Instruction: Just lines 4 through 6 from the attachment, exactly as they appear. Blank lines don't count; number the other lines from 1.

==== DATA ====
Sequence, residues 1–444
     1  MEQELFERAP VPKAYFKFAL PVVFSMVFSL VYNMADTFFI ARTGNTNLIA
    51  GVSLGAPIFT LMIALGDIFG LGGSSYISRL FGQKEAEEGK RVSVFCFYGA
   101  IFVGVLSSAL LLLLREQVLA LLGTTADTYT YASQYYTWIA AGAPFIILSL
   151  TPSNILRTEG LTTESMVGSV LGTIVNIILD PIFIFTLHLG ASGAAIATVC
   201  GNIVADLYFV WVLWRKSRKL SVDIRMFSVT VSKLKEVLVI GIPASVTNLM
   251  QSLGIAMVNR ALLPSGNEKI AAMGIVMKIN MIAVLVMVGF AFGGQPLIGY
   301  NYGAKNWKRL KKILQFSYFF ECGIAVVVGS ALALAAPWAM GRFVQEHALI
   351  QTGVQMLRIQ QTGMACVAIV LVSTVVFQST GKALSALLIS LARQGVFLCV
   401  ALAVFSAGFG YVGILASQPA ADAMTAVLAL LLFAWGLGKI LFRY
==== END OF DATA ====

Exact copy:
   101  IFVGVLSSAL LLLLREQVLA LLGTTADTYT YASQYYTWIA AGAPFIILSL
   151  TPSNILRTEG LTTESMVGSV LGTIVNIILD PIFIFTLHLG ASGAAIATVC
   201  GNIVADLYFV WVLWRKSRKL SVDIRMFSVT VSKLKEVLVI GIPASVTNLM